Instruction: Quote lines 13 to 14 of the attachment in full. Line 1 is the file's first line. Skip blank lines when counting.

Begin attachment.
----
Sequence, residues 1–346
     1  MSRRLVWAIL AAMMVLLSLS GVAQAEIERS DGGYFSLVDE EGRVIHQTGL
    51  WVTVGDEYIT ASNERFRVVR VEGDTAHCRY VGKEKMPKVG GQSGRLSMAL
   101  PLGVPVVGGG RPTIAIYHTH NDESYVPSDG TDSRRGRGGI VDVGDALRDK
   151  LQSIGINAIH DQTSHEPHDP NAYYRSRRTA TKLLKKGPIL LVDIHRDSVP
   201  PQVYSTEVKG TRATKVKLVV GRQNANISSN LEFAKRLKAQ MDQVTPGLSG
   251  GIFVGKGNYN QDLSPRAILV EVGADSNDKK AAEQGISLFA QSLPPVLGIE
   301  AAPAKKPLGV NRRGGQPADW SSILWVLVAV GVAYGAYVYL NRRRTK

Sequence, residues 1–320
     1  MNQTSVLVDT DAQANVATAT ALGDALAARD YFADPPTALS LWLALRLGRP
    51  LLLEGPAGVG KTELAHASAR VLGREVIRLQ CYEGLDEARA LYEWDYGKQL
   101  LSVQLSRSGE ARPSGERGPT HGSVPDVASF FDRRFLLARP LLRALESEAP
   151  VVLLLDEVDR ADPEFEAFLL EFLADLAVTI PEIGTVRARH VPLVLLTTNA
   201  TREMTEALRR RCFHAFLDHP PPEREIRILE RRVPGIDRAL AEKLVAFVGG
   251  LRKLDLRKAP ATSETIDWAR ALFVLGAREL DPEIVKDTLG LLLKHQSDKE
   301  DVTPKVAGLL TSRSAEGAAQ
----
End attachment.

   151  VVLLLDEVDR ADPEFEAFLL EFLADLAVTI PEIGTVRARH VPLVLLTTNA
   201  TREMTEALRR RCFHAFLDHP PPEREIRILE RRVPGIDRAL AEKLVAFVGG